Are Heart Attacks Increasing in Young Women?

Why Are Heart Attacks Increasing In Young Women?

Author: Dr. Stephen Chaney

 

are heart attacks increasing in young women age 32-54Heart disease is still the leading cause of death in the United States, but things seemed to be getting better. More people are following heart-healthy diets and the treatment of heart disease has improved. One recent study found that the overall rate of heart disease has decreased by 38% in the U.S. since 1990. Heart attack rates have also been inching down in recent years.

Are heart attacks increasing in young women?

That’s why the latest study was both surprising and concerning. If it is to be believed, heart attack rates are increasing in young Americans, especially young women. That is particularly shocking because young women are thought to be protected from heart disease by their estrogen. Until recently, heart attack rates have been lower for young women than for young men. It hasn’t been until after menopause that women caught up to men in terms of their risk for a heart attack.

Obviously, this study raises several questions:

  • Is it true?
  • Why are heart attacks increasing in young women?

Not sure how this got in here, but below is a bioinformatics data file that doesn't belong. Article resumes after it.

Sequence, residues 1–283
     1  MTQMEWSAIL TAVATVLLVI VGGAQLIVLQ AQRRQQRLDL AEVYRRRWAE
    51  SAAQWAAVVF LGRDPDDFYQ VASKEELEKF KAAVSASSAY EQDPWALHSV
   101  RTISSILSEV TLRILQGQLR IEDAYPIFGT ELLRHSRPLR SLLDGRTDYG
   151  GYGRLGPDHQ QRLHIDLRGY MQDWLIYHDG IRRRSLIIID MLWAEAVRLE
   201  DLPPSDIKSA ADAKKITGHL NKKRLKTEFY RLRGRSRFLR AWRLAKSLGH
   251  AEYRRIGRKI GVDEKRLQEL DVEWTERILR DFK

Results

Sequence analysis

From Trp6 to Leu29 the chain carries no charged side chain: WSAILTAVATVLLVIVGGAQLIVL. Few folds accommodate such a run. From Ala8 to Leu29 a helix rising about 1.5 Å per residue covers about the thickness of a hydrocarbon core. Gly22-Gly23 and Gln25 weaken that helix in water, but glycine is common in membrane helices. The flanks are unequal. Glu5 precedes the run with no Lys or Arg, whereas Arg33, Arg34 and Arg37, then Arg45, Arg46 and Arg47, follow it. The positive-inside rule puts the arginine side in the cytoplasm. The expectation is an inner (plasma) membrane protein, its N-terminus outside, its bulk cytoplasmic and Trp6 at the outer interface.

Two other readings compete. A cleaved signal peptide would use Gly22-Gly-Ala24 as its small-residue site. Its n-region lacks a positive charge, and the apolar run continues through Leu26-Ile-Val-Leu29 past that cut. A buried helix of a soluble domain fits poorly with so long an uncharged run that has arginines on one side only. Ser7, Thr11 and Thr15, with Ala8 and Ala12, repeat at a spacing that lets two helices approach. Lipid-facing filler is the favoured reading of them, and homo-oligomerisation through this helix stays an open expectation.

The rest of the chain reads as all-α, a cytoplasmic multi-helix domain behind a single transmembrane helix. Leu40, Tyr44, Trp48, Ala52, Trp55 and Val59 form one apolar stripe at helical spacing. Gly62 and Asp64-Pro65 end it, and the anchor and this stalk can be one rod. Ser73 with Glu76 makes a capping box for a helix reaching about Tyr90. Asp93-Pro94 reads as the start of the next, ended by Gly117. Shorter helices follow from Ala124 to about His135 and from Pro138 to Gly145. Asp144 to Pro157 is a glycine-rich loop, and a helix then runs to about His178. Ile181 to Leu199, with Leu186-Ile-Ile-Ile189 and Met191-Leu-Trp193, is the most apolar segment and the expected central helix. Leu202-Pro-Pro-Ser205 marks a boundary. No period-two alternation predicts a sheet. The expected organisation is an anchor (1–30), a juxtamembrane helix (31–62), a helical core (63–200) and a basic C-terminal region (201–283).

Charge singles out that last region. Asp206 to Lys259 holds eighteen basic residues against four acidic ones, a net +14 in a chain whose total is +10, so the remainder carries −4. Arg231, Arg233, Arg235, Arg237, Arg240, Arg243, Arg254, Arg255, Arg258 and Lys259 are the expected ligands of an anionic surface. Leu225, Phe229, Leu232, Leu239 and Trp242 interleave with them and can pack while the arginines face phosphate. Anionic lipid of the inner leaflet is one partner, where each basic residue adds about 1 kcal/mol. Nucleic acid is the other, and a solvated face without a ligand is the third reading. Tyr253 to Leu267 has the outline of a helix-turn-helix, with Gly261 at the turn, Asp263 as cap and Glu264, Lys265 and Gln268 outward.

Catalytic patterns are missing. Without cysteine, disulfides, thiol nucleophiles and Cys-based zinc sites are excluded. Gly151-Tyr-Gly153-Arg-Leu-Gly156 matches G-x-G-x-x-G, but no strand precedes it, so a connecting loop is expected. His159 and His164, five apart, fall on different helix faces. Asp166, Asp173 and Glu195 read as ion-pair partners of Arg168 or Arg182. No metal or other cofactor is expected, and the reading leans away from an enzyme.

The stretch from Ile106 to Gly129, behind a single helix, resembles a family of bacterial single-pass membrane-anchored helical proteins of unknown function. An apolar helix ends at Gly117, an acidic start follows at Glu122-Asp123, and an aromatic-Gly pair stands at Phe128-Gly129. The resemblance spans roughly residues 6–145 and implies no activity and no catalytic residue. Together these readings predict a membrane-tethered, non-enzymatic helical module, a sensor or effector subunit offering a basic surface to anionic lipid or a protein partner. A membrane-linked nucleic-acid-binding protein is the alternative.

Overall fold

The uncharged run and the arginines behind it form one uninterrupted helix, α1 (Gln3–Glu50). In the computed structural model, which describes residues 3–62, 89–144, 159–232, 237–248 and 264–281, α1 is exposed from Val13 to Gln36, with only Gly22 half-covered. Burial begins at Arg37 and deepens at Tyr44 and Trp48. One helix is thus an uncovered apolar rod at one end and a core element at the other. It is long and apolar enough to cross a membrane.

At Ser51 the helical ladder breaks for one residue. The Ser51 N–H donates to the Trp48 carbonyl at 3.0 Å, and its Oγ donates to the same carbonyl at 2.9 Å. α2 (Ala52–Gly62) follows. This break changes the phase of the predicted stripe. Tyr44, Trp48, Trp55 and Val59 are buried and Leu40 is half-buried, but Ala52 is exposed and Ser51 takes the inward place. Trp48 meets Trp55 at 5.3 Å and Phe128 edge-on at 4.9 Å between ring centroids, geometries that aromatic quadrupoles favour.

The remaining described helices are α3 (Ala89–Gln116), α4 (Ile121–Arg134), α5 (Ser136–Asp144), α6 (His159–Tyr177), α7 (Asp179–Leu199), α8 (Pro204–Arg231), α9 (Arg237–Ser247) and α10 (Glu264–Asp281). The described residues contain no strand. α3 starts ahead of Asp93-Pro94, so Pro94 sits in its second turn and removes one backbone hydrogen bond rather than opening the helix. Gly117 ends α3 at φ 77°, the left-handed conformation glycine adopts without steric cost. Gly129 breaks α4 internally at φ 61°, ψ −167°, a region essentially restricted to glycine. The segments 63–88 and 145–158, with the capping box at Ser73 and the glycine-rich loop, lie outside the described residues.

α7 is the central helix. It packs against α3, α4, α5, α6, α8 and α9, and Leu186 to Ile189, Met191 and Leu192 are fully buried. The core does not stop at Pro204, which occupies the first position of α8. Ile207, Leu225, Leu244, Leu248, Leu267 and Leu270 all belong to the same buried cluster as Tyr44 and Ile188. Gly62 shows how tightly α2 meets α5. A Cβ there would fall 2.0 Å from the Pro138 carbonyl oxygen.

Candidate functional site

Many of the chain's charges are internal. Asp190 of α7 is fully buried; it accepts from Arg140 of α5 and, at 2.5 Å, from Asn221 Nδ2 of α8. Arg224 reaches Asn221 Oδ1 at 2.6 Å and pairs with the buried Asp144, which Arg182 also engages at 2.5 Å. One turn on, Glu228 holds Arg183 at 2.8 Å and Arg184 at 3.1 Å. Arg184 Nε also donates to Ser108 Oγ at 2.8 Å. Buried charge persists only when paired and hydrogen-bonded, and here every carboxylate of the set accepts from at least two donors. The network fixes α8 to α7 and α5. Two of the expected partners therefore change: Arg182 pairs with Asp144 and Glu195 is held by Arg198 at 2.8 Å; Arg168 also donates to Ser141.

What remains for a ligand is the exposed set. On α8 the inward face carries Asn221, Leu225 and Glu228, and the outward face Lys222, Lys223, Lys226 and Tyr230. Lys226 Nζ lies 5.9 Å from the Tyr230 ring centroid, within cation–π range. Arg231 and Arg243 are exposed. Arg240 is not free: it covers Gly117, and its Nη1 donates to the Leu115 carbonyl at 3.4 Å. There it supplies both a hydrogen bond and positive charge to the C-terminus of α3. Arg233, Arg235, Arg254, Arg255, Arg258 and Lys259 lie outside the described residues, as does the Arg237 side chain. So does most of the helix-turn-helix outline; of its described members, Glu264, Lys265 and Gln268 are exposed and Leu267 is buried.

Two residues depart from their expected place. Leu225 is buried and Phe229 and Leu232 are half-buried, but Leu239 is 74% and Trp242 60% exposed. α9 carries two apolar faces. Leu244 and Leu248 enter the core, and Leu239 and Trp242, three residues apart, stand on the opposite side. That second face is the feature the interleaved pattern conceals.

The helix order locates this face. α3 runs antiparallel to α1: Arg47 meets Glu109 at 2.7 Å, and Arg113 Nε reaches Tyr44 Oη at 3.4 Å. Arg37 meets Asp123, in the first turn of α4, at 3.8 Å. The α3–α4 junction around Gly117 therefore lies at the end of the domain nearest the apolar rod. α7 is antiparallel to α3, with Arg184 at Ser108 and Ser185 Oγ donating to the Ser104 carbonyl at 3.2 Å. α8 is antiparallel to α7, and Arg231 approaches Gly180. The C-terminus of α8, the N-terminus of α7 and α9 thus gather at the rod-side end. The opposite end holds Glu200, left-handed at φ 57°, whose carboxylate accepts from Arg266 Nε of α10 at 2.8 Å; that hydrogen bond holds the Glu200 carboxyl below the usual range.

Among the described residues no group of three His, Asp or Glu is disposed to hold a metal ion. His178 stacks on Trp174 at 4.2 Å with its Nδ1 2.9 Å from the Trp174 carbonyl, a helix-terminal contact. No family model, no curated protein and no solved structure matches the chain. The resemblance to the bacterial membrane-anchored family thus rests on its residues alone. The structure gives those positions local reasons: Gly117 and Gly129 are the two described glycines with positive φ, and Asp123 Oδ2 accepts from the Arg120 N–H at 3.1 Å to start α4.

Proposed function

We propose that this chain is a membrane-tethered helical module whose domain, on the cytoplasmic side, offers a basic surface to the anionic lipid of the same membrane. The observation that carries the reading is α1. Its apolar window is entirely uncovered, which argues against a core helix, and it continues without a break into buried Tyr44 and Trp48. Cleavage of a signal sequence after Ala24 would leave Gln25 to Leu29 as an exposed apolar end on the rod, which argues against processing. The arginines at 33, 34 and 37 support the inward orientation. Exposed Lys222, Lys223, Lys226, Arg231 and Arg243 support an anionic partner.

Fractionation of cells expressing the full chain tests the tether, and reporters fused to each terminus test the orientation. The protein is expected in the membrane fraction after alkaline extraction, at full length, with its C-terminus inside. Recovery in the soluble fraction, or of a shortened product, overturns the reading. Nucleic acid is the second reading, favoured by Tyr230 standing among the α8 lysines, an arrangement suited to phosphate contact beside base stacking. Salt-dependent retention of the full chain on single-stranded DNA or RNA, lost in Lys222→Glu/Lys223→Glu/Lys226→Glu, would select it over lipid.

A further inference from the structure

• What should young women be doing to prevent heart disease?

 

How Was The Study Done?

heart attacksThis study (S Arora et al, Circulation, 139: 1046-1056, 2019 was an offshoot of the Atherosclerosis Risk in Communities (ARIC) Surveillance Study. The ARIC study collected data on hospital admissions for acute myocardial infarction (or in layman terms, heart attacks) for patients aged 35-74 in four geographical areas in the U.S. (Forsyth County in North Carolina, Washington County, Maryland, Jackson, Mississippi, and the Northwest suburbs of Minneapolis, Minnesota).

During the time period of 1995 to 2014 28,732 people ages 35-74 were admitted to one of the participating hospitals for a heart attack. The results of the original study have been published previously (WD Rosamond et al, Circulation, 125: 1848-1857, 2012 ). For the population as a whole:

  • The annual rate of hospital admissions for a heart attack decreased by around 3.5% during this time period, and…
  • The annual rate of death following a heart attack decreased by around 3%.

However, the current study focuses on the younger people in the study (ages 35-54) and came to a surprisingly different conclusion. Contrary to the results obtained with the general population, the rate of heart attacks increased in younger people.

 

What Did The Study Show?

are heart attacks increasing in young women studyAlthough the article uses the terms “young adults” and “young women,” I realize that some of you may consider that misleading. My only comment is whether you consider the 35-54 age range to be “young” or not probably depends on which side of 35 you are on.

Having said that, when the authors compared younger people in the study (the 35-54 age group) with everyone in the 35-74 age group they found: